Review by Budd Bailey
What’s a book that was first published in 1947 doing here?
That’s a bit of a story.
The publisher of The Sporting News wrote a biography back then of Kenesaw Mountain Landis, the commissioner of baseball who died in 1944. Over the years, that publication (which survived in a print format for more than a century before becoming web-only) sometimes did a reprint of the book to sell to the public. J.G. Taylor Spink had a ringside seat to Landis’ long reign over the National Pastime, so he was qualified to write it. (By the way, I have heard since reading it that the book actually was written by Fred Lieb. Hmm.)
Here we are then, more than 70 years later, and the book still has life. “Judge Landis and 25 Years of Baseball” recently popped up as a Kindle document at a bargain price. Since I’ve been aware of it for something like a half-century, I figured it was worth a look.
And that’s certainly the case, at least for some baseball fans.
Spink certainly backs up the claim that Landis was something of a legendary character. His father was wounded in Georgia during the Civil War. He recovered and had a son, but the parents couldn’t agree on a name. They eventually went the “Kenesaw Mountain” route, although that part of the world eventually settled on “Kennesaw Mountain” as a formal name for the region. Both spellings had been acceptable at the time. It sounds like Landis stuck to Ken, or better yet, Judge, as a name.
Landis went into law and became a judge in 1905. Spink’s description is something out of a movie, as Landis was very flamboyant. It sure must have been fun to watch him on a typical day on the bench. Landis gained a national reputation when he fined Standard Oil more than $29 million, which was a lot of money in those days.
He caught the eye of baseball owners when he took his time deciding a suit by Federal League owners against their established counterparts, which essentially doomed the Feds’ chances of surviving. Landis also was known to take time off from the court to catch the games of the Cubs and White Sox. So when the scandal of the “Black Sox” of Chicago took place in 1919, baseball needed someone to take charge of the sport and rebuild its reputation.
The Judge was up to the challenge. One of his first actions was to give lifetime bans to the White Sox players who were implicated in the game-fixing scandal, even though they had been declared innocent in a criminal trial. Yes, he meant business. Baseball certainly had a gambling problem at that point in its history, and Spink makes it clear that Landis’ first priority was to clean that part up of the game.
Many of the decisions out of Landis’ office in his first decade or so had something to do with wagering. From there, the Commissioner had other things on his mind. He managed to push baseball through the Depression without losing any teams – no small accomplishment – and ushered in some changes like the introduction of the All-Star Game in 1933. Landis spent some time trying to bring order to the relationship of the major and minor leagues, as the minors were slowly losing their status as independent operators.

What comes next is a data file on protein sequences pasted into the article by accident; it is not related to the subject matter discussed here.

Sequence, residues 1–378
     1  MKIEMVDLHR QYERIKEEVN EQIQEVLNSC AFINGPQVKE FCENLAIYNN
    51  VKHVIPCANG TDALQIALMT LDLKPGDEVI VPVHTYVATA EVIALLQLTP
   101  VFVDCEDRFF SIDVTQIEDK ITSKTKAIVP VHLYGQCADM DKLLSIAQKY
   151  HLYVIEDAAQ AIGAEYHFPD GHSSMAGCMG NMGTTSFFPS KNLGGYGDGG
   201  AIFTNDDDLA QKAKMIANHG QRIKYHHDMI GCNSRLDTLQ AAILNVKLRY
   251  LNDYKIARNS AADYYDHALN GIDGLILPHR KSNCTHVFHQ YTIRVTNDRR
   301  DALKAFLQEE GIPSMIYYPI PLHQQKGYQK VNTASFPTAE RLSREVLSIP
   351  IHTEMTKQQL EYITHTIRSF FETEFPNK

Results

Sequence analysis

Part of the fun of a book like this is that Spink was an eyewitness to the Landis Era. Here’s a person who was the official scorer in many of the World Series games in the 1910s. Spink was close enough to American League founder and President Ban Johnson to have him stay at his house during visits to St. Louis.
There’s also a certain charm in the writing style of the book. It’s just a little bit old-fashioned – not quite like the sports writing of a century ago, but a little more flowery than what we see today. For example, Babe Ruth is called “the former chubby urchin from the Baltimore waterfront.” There’s a great story about Alabama Pitts, who was send to “New York’s Big House on the Hudson” for a crime – and then became the subject of a national debate about his playing status when he was released from Sing Sing. There are a lot of chapters, but most are quite short and go by quickly.
The book does come with a couple of drawbacks. Some of the chapters have long statements about certain issues reprinted verbatim. Since the matters aren’t particularly topical or interesting this far away in hindsight, it’s easy to skip over them. If you are looking for baseball stories, well, the players take a secondary role here – although some good-sized names do come up (Ruth, Ty Cobb, Tris Speaker, Branch Rickey).
And, of course, there’s the matter of integration in baseball. Remember, this was published in 1947, when Jackie Robinson was just joining the Brooklyn Dodgers to break baseball’s color line. This area goes unaddressed here, which seems like a reflection of the time. Even the baseball historians of today aren’t sure what Landis’ racial attitudes were.
“Judge Landis and 25 Years of Baseball” certainly is a valuable reference source for those historians who want to look back at a time when the sport became more professionally run. In other words, I probably should have read it sooner, but I’m glad I finally got to it.
(Follow Budd on Twitter @WDX2BB)